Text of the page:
Ok, I was weaned (digitally speaking) on a camera that shoots RAW only, but now still shoot exclusively in RAW. That's because I need to remove as many of the (various) camera manufacturers ideas of what their Jpegs should come out like and get to the pure resolving power of the lens.
If, however, I was in a race to be the first to get an image onto an editors desk, I'm sure that I would revert to jpeg for the speed angle.
95% of the time, the final image is delivered in Jpeg though!

Wink)
keithh 17 25.8k 33 Wallis And Futuna
29 Mar 2006 9:48PM

Quote:I'll bet far more pros shoot JPEG than they let on!!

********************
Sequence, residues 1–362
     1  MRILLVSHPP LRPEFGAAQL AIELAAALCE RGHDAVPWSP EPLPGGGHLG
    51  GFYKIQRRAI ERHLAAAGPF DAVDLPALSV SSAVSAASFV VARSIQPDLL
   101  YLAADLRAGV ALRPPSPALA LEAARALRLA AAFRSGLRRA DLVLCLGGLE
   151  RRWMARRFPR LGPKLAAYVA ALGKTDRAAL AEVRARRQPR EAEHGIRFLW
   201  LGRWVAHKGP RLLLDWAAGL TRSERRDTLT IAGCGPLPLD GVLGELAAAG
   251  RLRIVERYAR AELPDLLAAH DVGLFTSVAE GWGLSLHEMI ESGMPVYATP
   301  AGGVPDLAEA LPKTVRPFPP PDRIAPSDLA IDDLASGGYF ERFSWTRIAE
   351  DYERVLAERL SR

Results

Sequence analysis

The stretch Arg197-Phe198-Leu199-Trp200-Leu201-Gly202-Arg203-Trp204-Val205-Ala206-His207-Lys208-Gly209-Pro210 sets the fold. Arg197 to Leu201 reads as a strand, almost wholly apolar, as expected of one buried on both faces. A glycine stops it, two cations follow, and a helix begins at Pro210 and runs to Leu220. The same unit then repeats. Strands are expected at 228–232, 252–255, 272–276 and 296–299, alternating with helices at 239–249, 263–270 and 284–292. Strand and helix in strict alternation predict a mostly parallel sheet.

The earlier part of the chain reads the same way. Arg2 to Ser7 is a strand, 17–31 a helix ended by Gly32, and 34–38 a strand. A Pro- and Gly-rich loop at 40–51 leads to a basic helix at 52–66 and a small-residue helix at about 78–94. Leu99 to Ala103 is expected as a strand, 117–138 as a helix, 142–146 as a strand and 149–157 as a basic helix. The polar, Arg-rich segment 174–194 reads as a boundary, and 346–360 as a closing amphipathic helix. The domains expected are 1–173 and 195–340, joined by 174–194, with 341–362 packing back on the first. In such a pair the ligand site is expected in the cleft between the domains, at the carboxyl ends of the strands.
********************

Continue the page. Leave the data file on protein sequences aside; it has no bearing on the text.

Than they let on?
The file format that dare not speak it's name?
The dirty jpg under the sofa?

Jeez.
andart 19 538 United Kingdom
29 Mar 2006 9:58PM
I read an interview in Photoshop User magazine with Moose Peterson (american wildlife tog, book author etc) and he said that he keeps his D2X on Raw+Jpeg as his clients prefer jpeg and he keep the Raw for himself incase he wants to make very large prints.
wotashot 17 2.2k
29 Mar 2006 9:59PM
I shoot Jpeg for sport and events where I have to upload about 200 images and the output wont be more than 12x8 usually (although Ive had a 30x20 from one before)

The rest of the time I shoot Rooooaaaar because you just never know, might need to make a huuuuge file from it for a stock library or print it larger and need no loss in quality cos of the dreaded jpeg compression, and at the end of the day you can always convert it to a jpeg and compress the hell out of it if you need to,

Jamie
ade_mcfade 17 15.2k 216 England
30 Mar 2006 1:02AM